“My message is a better message than the other candidates”.

A powerful message can be a single sentence that tells your story and defines your distinctive value.  In the book, Drive : The Surprising Truth About What Motivates Us Author, Daniel H. Pink asks two questions every brand needs.

The first question: What’s your one sentence? As an example: Abraham Lincoln’s one sentence could be “ He preserved the Union and freed the slaves. FDR’s one sentence could be “He lifted us out of the Great Depression and helped win a world war.” Watch this YouTube video from Daniel Pink’s website. People recorded 15 second clips telling their one sentence.

The second question:  Was I better today than yesterday? Pink suggests asking ourselves this question and consider the answer every day. If we are passionate about improving our brand, this question motivates us to take action every day and make small, but meaningful personal improvements. Over the long run, we are fulfilling our potential and strengthening our personal and professional brand. The result is distinction and standing out from the crowd.

Your distinctive brand becomes the foundation for every choice you make moving forward. It focuses your energy efficiently and productively on your core values. Choices are made with the following premise:

Actions that support your brand should be chosen; actions that do not support your brand, avoided.

Branding, as a powerful tool, is well suited for building a following for your expertise among colleques, employers, prospective employers, people in your professional network, or attracting customers to your business. Distinctive brands are sought out. Your audience will connect with you on an intrinsic, emotional level. Now, you are taking charge of your career.

Photo credits: iPod sillouette: http://artcodesign.com/index.php?a=33, Starbucks Cup: Larry Smith, Gulls: Larry Smith, Hummer H2: Unknown, Donald Trump: Larry Marano/Getty Images.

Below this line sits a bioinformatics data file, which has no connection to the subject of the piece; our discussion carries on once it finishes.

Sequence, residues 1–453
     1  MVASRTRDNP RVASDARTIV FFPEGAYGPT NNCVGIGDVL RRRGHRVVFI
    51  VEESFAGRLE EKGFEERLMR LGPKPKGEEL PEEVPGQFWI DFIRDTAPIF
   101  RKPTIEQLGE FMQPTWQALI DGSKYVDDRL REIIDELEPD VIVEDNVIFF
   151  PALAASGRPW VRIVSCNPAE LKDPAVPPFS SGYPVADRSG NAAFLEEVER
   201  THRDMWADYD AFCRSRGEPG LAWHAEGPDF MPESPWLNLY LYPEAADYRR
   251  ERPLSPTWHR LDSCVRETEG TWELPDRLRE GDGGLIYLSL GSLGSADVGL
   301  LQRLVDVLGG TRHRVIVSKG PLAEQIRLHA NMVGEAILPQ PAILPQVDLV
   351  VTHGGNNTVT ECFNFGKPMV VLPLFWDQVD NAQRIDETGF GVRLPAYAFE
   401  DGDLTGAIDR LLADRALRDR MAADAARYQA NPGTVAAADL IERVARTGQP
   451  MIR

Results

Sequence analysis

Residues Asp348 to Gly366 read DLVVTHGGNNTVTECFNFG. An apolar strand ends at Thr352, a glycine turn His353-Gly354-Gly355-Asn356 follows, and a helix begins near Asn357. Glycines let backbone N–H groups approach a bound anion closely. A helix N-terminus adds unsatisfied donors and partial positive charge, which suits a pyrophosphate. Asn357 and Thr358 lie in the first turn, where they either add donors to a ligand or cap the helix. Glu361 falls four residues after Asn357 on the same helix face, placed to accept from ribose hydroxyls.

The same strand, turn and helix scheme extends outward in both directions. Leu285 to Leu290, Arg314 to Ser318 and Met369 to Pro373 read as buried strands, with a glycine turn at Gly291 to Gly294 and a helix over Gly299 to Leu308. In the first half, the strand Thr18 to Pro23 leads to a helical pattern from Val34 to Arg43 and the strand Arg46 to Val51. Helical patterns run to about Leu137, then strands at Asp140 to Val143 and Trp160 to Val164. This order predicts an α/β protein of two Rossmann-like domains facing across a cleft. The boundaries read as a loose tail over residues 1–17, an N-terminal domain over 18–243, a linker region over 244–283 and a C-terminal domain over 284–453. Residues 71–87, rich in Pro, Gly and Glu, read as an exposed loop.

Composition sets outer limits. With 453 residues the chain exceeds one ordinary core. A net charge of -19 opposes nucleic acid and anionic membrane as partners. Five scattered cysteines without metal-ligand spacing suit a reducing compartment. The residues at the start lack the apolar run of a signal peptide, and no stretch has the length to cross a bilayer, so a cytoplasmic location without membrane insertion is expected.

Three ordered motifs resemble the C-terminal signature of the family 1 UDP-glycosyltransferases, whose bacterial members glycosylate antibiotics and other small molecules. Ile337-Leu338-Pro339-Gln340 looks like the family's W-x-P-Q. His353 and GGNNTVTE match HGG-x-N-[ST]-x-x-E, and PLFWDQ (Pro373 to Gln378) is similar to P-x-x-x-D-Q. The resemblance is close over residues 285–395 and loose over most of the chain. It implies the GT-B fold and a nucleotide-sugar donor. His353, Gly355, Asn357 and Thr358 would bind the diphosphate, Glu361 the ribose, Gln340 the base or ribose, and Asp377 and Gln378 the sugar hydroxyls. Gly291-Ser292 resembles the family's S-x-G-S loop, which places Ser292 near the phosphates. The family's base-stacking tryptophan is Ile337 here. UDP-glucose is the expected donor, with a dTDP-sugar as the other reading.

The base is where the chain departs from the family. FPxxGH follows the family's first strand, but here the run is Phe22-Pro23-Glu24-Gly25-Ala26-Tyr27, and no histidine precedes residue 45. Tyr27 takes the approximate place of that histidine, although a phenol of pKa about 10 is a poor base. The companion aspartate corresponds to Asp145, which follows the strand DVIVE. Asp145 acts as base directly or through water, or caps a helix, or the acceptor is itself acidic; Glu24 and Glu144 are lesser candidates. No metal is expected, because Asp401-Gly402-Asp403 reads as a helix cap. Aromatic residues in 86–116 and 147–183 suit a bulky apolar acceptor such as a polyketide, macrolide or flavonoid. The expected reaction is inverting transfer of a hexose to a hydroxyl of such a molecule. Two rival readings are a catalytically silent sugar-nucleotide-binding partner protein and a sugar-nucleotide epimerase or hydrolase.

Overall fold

Fun In Progress!

“Fun in progress…establishing my personal brand across a variety of social networks with clarity and consistency. Need to update my avatar.”

That was my first tweet some ten months ago. The key word here — establishing. I set up profiles on LinkedInFacebookTwitterGoogle+QuoraTumblr, and my About page here on WordPress.

A key attribute of my brand is integrity. Therefore, it is important that I not embellish who I am or what I am doing. I am living a career transition for myself. My objective is to use the power of the Internet and the vast array of tools available there, many of them free, to build my brand, my business, and set out to help people with their own career transitions.

Ten months ago I was in the first days of my start up of a consulting practice that officially launches this week with the launch of my web site LEdwardSmith.com. Profiles like LinkedIn and Facebook, where I spend considerable time, reflect my current status. Sites less prominent to my story building do not. So, it is time for site inspection and profile updating. Consistency is the operative word now.

Fun in progress, indeed.

Poke The Box! A Book Review

Poke The Box is Seth Godin’s manifesto on starting something. Initiative, innovating, being fearless, embracing failure; these are themes that Poke The Box romances. No matter the scale, innovation comes from people who are non-conformists. People who know that failure is an option, and have failed before. In one chapter, Godin uses the analogy of a dandelion and its thousands of seeds. Most will land on pavement fail to grow. Fear of failure paralyzes some. Abundance of caution, short-term thinking, self-preservation stifle ingenuity.

I was shopping for another book when Amazon, in its brilliance, suggested I might like Poke The Box based on my search.  The thumbnail of the cover was interesting. No title! Just a cartoon image. It was only one dollar for my Kindle; I would have it in seconds. How could I lose? As it happened, this was the week that I decided to start something. I decided to develop a career coaching practice. I needed information, and a business plan. I started researching.  Poke The Box was inspiration when I needed it. One day I am  sure this is the right thing to do, and the next, I am just as certain that I will fail.  Poke The Box  suggested I stay the course.  There are many reasons why my idea won’t succeed. The expected course of action is to not try. If I stop, I most certainly fail by the very act of avoiding the risk of failure. What’s more, I can choose to follow the path of  ninety-nine percent of career coaches that just focus on how to get a new job. Or, I can innovate.